Duke University draws fire as it announces weekly Muslim call to prayer

Starting this Friday, Duke University plans to have a regular Muslim call to prayer on campus. Most students support religious diversity, but off-campus critics are concerned by what it symbolizes.

Inform

As of Friday, residents of Durham, N.C., near the Duke University Chapel bell tower will now hear the tones of a male Muslim Students Association member chanting the Muslim “adhan” or "call to prayer" at 1 p.m. each week. 

 “On campus among students and faculty the response has been overwhelmingly positive,“ says Duke spokesman Keith Lawrence in a phone interview.

“Those responding from the outside, particularly on social media like Twitter, have been mixed with some negativity that has begun to feed off of itself,” Mr. Lawrence adds.

The chant, which announces the start of the group’s jummah prayer service, which takes place in the chapel basement each Friday at 1 p.m., lasts about three minutes and will be moderately amplified, according to a Duke University press release.

Imam Adeel Zeb, Muslim chaplain at Duke says in a phone interview that the addition of the chant was in the works months prior to the militant Islamist attacks on the satirical newspaper Charlie Hebdo and are in no way in response or politically motivated.

Muslim students at Duke are supported by the university through the Office of Student Affairs’ Muslim Life department, which hosts religious services, community service projects, and interfaith events. The Center for Muslim Life provides on-campus social and spiritual meeting spaces for students as well as opportunities for counseling and advising.

 “This is not about politics,” Mr. Zeb says. “This is part of Duke’s mission to promote religious diversity on campus.”

Zeb adds that he “did not hesitate for a moment” or waver at all in the plan following the Paris attacks or after learning about negative feedback on Twitter.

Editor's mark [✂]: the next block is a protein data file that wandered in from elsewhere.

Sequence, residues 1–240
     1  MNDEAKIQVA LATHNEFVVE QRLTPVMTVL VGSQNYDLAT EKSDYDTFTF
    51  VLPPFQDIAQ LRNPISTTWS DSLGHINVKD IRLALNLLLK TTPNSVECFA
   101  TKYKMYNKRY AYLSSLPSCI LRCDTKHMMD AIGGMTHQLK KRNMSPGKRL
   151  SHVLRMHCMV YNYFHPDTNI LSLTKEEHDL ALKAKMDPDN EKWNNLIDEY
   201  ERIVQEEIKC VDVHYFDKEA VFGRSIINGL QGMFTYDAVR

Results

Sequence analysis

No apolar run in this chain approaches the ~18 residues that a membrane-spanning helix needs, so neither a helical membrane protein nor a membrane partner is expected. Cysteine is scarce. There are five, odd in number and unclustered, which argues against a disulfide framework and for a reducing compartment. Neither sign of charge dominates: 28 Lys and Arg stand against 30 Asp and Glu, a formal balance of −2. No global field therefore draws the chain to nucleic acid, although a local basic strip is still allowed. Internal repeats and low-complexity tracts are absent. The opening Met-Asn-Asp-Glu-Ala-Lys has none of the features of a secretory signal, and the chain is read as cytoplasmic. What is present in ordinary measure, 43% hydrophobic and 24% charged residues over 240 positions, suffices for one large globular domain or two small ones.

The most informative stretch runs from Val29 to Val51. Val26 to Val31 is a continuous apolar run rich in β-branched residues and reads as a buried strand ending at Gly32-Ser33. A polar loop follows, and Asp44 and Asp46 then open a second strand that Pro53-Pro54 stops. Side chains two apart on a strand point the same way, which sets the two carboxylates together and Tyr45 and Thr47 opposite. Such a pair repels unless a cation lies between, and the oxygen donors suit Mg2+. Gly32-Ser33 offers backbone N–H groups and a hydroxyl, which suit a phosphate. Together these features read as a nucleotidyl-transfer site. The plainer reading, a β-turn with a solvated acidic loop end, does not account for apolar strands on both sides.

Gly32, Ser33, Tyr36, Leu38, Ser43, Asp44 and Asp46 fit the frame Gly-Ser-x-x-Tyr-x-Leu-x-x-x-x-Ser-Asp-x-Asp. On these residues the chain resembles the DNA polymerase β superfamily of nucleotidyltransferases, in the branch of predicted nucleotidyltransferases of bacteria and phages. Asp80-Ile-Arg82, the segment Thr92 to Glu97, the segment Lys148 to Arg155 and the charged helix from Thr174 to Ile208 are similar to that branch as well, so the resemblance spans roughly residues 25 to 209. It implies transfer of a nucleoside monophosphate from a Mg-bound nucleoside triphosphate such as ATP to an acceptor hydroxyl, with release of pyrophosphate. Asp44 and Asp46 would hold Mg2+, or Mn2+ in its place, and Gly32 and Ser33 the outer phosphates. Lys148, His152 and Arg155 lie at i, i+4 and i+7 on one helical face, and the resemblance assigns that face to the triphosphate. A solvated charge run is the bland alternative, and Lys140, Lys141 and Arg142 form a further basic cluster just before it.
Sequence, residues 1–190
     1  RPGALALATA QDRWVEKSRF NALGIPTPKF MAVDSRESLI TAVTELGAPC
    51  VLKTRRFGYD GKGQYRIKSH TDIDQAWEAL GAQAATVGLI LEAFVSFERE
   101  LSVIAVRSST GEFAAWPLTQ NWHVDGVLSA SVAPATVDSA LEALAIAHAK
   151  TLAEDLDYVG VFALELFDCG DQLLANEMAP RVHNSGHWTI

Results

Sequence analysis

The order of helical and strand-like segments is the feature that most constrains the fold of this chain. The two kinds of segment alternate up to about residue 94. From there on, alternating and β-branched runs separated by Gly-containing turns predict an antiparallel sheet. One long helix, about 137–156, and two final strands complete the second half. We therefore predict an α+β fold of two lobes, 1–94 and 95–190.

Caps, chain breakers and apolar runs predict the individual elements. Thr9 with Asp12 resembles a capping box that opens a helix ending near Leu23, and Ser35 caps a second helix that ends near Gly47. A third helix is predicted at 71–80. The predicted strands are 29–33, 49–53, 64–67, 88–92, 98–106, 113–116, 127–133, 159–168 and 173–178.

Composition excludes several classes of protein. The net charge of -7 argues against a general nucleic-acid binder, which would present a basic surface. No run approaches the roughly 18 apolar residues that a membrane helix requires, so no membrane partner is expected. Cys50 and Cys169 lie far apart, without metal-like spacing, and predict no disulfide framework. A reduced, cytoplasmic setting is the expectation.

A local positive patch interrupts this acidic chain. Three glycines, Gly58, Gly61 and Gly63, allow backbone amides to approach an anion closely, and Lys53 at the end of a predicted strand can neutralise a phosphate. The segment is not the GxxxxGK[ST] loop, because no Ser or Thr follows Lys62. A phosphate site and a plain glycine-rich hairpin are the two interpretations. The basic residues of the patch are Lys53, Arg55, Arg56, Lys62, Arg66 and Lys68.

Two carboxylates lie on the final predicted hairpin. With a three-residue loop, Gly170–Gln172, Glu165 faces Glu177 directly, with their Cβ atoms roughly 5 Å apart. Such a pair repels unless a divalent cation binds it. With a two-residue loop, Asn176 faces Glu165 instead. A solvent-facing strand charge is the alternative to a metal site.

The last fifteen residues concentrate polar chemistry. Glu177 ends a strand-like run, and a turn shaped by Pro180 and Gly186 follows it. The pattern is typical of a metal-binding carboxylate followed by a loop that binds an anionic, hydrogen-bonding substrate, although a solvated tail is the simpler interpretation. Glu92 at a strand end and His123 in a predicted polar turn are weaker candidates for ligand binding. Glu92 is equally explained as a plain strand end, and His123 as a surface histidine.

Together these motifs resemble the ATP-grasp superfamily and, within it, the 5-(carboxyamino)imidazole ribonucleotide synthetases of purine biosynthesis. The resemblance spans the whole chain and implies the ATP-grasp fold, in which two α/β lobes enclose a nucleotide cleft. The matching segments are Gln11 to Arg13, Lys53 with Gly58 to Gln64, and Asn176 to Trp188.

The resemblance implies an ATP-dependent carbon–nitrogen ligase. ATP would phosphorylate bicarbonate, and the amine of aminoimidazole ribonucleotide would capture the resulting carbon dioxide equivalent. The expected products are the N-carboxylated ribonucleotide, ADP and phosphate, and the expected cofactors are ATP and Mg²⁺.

“As always, I advise my students to respond to negativity by being very positive and loving in their character,” Zeb says. “It is a tradition and an honor to carry on the chant and call to prayer.”

 "Duke is in the minority for having the call to prayer," Zeb says. "I don't know of many others doing it."

 He adds that the service is open to the public.

The words will be chanted in Arabic, then spoken in English by either male or female students over the public address system, according to Zeb who offers the following English translation of the Adhan:

 God is Most Great. God is Most Great.

God is Most Great. God is Most Great.

I bear witness that there is none worthy of being worshipped except God.

I bear witness that there is none worthy of being worshipped except God.

I bear witness that Muhammad is the Messenger of God.

I bear witness that Muhammad is the Messenger of God.

Come to prayer. Come to prayer.

Come to Success. Come to Success.

God is Most Great. Allah is Most Great.

There is none worthy of being worshipped except God.

Zeb says that he has spent the past week training seven male students in the proper intonation, rhythm, and pronunciation of the chant. The adhan is traditionally performed by males unless it is a call to an all-female gathering, in which case, Zeb says, a woman would call the adhan.

"The adhan is the call to prayer that brings Muslims back to their purpose in life, which is to worship God and serves as a reminder to serve our brothers and sisters in humanity," Zeb explains. “The collective Muslim community is truly grateful and excited about Duke’s intentionality toward religious and cultural diversity.” 

“This opportunity represents a larger commitment to religious pluralism that is at the heart of Duke’s mission,” Christy Lohr Sapp, the chapel’s associate dean for religious life and a Christian, is quoted in a press release. “It connects the university to national trends in religious accommodation.”

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